A new report finds that Canadian companies continue to embrace merchandise and gift-card incentives to motivate employees and consumers, but that varying rewards for different age groups can be a challenge. The fourth annual "Canadian Incentive Trends Study
" comes from Berkeley Payment Solutions, an incentive program supplier of corporate MasterCard and Visa prepaid cards.
According to the report, 72 percent of organizations have used incentives for customer loyalty, marketing, sales reward, or employee rewards programs. This is a sizable uptick compared to the number that had the same response last years (65 percent) but a little less than the 75 percent in 2012 who said they used incentives. Additionally, 59 percent of respondents agreed that their incentive program gave them an advantage over competitors.
As for the organizations that chose not to offer incentives, the top reason was that there was no budget allocation (cited by 43 percent of those who do not offer incentives). This was followed by "No requirements for incentives" (26 percent) and "Never considered using incentives" (18 percent). For those Canadian organizations that do make the budgetary commitment to incentives, spending has remained consistent, with 50 percent of respondents saying their budget has not changed compared to 2013.
The most important factors for those instituting an incentive program are whether participants have a positive experience (cited by 63 percent of respondents), followed by costs (at 55 percent). Other top determinants for incentive programs are how easy they are to administer and the level of program engagement (both at 44 percent), as well as a program manager’s ability to measure its ROI (39 percent).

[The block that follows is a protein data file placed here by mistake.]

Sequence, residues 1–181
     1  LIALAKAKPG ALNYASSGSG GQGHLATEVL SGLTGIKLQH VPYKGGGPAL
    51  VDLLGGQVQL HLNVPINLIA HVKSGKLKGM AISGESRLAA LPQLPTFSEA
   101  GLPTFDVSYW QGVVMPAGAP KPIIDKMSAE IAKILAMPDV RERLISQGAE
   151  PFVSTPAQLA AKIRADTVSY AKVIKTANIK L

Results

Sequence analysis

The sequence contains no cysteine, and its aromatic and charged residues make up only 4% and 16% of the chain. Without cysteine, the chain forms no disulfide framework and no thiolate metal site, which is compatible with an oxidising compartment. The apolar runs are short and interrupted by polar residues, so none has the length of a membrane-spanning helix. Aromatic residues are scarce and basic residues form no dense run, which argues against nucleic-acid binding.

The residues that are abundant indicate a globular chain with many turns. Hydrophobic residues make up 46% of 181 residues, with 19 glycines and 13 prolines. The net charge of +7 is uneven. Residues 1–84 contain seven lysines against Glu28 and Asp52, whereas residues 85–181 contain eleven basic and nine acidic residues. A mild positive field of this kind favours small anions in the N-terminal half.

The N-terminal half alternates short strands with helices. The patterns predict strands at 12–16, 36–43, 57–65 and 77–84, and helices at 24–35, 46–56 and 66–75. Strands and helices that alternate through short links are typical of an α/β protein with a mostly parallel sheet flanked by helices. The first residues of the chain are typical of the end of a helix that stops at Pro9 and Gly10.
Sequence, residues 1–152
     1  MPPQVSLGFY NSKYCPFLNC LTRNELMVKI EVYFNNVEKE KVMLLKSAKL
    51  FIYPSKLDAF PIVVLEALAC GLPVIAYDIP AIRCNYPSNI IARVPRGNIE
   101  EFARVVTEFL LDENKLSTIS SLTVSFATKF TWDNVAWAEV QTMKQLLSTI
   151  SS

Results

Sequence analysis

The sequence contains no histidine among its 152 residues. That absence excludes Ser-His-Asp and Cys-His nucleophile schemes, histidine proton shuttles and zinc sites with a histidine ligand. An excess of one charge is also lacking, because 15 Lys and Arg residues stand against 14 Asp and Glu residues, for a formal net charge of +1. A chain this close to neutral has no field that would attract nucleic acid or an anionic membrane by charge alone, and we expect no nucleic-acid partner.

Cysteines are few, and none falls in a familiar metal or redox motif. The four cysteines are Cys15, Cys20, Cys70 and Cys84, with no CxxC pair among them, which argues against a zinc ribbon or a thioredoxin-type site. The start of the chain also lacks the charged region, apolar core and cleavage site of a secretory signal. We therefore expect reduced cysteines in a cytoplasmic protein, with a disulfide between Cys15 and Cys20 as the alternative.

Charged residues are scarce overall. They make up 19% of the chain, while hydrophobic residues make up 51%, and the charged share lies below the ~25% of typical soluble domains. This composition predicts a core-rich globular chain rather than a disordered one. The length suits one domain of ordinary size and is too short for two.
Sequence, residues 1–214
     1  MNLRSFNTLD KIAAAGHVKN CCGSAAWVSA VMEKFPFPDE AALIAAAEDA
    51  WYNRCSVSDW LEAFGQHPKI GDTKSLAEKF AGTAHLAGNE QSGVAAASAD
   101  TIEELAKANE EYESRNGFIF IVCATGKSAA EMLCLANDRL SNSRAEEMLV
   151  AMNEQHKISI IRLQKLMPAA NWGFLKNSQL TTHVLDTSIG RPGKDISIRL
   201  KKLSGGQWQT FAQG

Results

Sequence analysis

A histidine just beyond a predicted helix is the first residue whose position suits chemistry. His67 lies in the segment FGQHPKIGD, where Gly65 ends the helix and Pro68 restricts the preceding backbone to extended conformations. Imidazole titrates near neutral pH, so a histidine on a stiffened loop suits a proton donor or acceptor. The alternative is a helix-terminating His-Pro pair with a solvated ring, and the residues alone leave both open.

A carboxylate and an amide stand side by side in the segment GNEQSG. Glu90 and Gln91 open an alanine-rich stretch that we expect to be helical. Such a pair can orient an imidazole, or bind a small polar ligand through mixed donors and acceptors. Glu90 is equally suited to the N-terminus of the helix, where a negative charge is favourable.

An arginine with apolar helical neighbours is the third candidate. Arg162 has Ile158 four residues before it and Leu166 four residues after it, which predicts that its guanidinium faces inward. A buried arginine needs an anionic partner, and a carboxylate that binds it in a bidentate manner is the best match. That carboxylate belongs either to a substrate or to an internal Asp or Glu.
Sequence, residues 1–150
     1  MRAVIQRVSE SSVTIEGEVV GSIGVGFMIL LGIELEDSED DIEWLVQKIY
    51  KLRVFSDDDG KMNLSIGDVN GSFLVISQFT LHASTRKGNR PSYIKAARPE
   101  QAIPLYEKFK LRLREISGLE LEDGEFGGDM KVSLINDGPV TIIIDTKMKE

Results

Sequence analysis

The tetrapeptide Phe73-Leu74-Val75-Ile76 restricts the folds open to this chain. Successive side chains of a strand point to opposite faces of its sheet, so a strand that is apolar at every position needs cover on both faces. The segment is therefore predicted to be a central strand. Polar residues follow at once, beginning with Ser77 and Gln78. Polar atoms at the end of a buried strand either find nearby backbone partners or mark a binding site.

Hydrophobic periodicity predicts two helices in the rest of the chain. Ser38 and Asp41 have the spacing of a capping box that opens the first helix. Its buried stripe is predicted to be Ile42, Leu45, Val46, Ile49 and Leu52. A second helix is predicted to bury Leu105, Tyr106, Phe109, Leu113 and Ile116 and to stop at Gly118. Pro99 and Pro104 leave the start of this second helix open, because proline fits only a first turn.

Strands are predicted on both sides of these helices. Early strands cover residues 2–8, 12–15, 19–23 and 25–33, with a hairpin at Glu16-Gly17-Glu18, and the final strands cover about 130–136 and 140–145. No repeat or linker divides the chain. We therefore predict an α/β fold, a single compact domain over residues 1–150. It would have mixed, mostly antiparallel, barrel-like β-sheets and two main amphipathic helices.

But ensuring that the participants have a positive experience can vary by the age of the recipients. When asked which is the most difficult generational group to select an incentive for, 38 percent of the respondents pointed to Millennials (those under 35 years of age). This was followed by Boomers, with 25 percent, and "Matures" (69 years and older), with 21 percent. The GenXers between the ages of 35 and 49 appear to be the easiest to select incentives for, with just 14 percent of respondents citing it as the most difficult generation.
The full report is available for download from Berkeley Payment